Updated: Jul 12, 2019
Surfaces: wood chips, sand.
This is a nice little playground for 3-and-unders, simple but pretty, and in close proximity to a raft of Bloor Street attractions: the ROM, the Gardiner Museum, Bata Shoe Museum, the Royal Conservatory of Music. It’s a good place to play before or after a visit to any of the above; we first came here once a week after music lessons with our son, and it holds a soft spot in my heart to this day.
The park is cute, reasonably shady, and features a large fountain shaped like a giant water pitcher. It’s as much a sculpture as a fountain, and probably an artistic reference to Taddle Creek – the park’s namesake which, like many streams and creeks in Toronto, has been buried to accommodate the city’s need for flatness. The fountain isn’t surrounded by a pool, so it’s fully approachable, and almost makes it a de facto splash pad element, much to the chagrin of many parents and nannies who don’t like the idea of bringing their little ones home in wet clothes.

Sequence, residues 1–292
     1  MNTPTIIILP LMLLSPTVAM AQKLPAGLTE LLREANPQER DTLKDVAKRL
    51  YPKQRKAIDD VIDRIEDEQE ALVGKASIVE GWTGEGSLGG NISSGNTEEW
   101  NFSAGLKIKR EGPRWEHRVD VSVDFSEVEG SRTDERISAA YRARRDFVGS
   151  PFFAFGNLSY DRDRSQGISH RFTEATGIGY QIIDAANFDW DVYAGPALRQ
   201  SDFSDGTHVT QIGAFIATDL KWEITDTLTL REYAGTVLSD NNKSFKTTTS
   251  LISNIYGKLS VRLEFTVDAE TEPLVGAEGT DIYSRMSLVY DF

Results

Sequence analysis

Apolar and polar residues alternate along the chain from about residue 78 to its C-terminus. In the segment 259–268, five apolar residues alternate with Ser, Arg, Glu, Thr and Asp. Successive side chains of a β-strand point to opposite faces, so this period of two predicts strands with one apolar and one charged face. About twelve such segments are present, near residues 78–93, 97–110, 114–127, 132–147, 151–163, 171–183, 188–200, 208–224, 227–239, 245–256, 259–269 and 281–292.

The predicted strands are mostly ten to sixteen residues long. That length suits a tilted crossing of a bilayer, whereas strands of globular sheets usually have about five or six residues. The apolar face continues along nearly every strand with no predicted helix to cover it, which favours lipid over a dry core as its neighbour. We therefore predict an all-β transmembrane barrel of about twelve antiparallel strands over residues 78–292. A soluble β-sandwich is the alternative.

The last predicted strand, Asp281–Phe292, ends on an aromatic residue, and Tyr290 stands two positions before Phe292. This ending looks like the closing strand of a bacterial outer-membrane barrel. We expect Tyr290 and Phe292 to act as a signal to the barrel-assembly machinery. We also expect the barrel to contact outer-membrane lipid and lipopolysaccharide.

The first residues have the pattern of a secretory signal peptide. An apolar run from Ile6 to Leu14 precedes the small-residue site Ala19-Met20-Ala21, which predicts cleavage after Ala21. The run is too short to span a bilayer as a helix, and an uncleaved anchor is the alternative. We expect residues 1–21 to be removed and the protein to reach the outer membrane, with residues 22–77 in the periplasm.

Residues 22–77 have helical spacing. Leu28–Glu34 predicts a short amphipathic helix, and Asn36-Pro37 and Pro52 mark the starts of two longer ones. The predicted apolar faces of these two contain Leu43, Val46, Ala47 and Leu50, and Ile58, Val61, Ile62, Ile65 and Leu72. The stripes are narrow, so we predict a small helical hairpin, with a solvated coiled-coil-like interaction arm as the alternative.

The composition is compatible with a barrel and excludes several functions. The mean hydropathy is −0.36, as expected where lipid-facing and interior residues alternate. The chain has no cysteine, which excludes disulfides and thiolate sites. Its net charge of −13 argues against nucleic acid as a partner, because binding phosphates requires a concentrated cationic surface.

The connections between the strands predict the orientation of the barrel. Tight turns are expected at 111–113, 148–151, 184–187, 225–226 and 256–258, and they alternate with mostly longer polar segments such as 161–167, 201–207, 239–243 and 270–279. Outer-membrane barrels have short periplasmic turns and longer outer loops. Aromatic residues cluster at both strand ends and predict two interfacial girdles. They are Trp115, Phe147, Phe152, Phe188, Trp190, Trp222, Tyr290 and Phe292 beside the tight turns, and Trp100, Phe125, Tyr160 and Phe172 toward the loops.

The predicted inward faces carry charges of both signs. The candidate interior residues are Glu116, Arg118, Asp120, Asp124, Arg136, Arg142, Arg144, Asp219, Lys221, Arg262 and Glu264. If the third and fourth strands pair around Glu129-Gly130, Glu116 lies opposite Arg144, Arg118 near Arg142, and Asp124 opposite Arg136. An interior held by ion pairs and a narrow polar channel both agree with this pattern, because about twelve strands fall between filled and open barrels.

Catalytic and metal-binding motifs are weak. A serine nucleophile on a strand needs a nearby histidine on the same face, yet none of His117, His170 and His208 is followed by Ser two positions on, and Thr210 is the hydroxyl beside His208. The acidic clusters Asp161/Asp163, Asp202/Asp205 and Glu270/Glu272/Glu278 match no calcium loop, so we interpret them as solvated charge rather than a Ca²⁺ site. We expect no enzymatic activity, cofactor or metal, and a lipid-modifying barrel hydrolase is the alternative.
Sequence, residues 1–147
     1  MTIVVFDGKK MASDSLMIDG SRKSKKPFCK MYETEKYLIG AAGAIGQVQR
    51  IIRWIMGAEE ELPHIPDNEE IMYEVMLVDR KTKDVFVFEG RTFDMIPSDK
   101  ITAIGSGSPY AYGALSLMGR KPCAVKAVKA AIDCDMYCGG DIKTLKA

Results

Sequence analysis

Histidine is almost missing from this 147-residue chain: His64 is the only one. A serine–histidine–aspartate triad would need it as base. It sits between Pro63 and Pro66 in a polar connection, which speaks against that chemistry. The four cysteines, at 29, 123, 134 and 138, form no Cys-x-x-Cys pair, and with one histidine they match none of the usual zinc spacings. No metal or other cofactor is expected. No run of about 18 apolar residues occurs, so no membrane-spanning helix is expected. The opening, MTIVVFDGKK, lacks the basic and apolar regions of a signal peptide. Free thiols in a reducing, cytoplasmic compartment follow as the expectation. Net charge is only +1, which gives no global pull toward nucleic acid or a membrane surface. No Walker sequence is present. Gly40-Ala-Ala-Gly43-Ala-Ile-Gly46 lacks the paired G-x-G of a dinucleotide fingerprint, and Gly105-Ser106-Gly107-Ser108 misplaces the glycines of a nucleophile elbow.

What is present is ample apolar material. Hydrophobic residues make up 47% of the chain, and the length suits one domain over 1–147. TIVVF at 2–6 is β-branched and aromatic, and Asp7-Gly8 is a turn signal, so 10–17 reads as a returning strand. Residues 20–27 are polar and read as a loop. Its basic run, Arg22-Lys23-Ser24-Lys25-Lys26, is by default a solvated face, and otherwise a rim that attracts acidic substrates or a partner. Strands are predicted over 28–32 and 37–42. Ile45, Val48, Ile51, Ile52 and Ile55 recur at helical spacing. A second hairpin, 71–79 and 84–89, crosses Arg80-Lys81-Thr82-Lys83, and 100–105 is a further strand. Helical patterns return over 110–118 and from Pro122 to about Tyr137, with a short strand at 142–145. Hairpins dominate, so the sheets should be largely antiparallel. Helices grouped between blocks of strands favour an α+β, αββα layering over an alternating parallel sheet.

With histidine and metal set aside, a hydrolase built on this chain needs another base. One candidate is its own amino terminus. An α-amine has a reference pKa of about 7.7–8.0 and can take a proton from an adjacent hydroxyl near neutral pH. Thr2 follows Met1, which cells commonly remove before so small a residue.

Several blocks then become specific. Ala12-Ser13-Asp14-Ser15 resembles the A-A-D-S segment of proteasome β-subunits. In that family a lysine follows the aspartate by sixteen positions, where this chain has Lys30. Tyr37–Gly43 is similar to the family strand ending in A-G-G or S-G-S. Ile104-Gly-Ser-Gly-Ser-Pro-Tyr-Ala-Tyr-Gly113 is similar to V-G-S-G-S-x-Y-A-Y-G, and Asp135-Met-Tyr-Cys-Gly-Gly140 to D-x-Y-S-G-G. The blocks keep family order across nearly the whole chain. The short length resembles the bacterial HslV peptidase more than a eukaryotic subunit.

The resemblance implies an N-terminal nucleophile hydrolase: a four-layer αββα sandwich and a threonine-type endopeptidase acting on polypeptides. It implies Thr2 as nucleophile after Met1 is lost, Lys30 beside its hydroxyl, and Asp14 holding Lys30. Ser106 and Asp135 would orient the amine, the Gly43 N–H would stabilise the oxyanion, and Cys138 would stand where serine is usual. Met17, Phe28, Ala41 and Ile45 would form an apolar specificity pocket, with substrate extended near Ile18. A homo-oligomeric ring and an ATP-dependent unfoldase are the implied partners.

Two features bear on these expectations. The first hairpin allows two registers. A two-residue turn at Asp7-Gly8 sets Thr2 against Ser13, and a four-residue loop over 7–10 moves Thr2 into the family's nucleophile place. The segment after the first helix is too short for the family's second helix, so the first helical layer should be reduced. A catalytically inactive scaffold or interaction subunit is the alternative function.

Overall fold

Given that there’s a sandbox, and the affluence of the surrounding neighbourhood, it’s surprising that there aren’t more shared toys here. On our last visit, the sandbox was furnished with precisely two items: a dump truck with no wheels and a hand-held plastic gardening fork that was missing a prong. Perhaps the Yorkville nannies are paid extra to bring high-end baby toys of their own, with strict instructions to bring them back without letting the commoners share them.
Sadly, this playground does fall victim to vandals more often than it should. Perhaps the proximity to Bloor Street is to blame, or the lack of fencing. The spray-painted messages were surprisingly mixed the last time we were there, and offered three pieces of unwanted art: a smiley face accompanied by the word “hi,” a crudely spray-painted penis that looked more like a hand mixer than genitalia, and the phrase “God is watching.”
If God is in fact watching, perhaps He could send down some better shared toys for Taddle Creek Park. And maybe some more talented graffiti artists.